ANDRES ARAUZ Thank you for the invitation, Greg.

GREG WILPERT So let’s start with why Ecuador even went to the IMF. Was it even necessary? And if so, why? And if it wasn’t necessary, why not? What do you think?

ANDRES ARAUZ Well, the circumstances in which Ecuador asked the IMF for a loan are very strange. Usually in Latin America, countries ask for loans when they’re in trouble, in crisis conditions. But in this case, Ecuador was growing. It had positive real GDP growth. It had sufficient international reserves. It had a stable balance of payments condition, and the overall situation in the economy was not bad. Not to say it was excellent, but it was not definitely a crisis condition or even a recession. The political Right in Ecuador had been demanding an IMF agreement for the last five or six years, even during the Correa presidency, because they said that an IMF agreement would be the only thing that would, sort of, anchor the economic policy of Ecuador in the medium term. So the true political objectives of seeking the IMF loan by the Moreno government had nothing to do with the financial or economic situation, but rather a policy orientation to anchor the political economy and the economic policy of Ecuador for the next four to five years, what we can see is a similar pattern that has been occurring in other loans throughout Europe and in Latin America as well.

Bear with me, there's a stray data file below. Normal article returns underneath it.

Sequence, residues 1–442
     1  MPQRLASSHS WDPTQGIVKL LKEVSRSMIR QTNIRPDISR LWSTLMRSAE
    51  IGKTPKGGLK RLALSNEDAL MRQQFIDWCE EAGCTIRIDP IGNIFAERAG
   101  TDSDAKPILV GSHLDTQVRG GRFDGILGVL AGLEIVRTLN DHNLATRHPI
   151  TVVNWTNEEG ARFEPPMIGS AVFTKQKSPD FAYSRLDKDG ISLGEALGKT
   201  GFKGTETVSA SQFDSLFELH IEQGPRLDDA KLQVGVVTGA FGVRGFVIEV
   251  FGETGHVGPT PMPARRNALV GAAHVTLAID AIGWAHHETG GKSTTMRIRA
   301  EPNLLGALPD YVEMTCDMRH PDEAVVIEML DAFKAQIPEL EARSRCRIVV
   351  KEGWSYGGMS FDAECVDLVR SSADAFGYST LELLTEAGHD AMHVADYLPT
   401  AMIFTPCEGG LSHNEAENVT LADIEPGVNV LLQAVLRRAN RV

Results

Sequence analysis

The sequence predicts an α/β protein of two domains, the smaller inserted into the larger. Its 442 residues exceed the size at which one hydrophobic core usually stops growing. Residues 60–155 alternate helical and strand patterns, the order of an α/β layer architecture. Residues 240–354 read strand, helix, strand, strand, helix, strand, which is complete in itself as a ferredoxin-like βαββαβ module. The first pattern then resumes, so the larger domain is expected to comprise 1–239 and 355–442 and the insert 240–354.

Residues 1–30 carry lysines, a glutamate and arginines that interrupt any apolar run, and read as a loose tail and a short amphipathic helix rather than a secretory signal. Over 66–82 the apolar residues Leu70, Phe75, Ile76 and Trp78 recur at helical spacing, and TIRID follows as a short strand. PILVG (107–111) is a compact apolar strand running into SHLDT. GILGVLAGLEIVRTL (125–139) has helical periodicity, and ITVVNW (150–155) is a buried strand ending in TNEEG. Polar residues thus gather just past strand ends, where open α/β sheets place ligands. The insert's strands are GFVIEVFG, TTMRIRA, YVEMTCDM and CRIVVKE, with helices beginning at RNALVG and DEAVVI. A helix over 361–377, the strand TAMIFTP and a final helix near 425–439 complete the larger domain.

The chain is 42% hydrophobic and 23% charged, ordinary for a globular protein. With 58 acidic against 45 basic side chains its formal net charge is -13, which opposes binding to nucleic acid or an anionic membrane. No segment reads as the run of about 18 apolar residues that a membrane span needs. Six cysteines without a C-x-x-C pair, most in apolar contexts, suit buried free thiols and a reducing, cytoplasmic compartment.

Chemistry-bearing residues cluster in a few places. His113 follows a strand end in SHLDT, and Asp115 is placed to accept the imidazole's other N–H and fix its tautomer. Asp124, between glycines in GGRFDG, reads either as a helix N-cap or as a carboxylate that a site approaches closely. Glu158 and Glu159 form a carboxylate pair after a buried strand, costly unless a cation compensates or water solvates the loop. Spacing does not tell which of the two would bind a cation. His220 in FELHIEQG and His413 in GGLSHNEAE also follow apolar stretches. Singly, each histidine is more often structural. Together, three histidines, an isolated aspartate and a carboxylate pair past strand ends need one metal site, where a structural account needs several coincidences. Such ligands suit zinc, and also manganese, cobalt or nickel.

GREG WILPERT So give us a brief summary of what the IMF loan agreement with Ecuador is like, and what do you foresee as being the main consequences of its implementation for Ecuador?

ANDRES ARAUZ Okay. So the IMF agreement, I would call it deeply ideological. It has very specific obsessions even— I would dare to call it— with restoring Central Bank independence. We must recall that Ecuador’s 2008 Constitution said, resolved to take away the independence of the Central Bank and to make it part of the government’s economic team, the economic ministries. So the IMF is clearly focused on restoring the autonomy and the independence to the Central Bank of Ecuador in order to give more leeway and more privileges to financial capital, so to the bankers basically.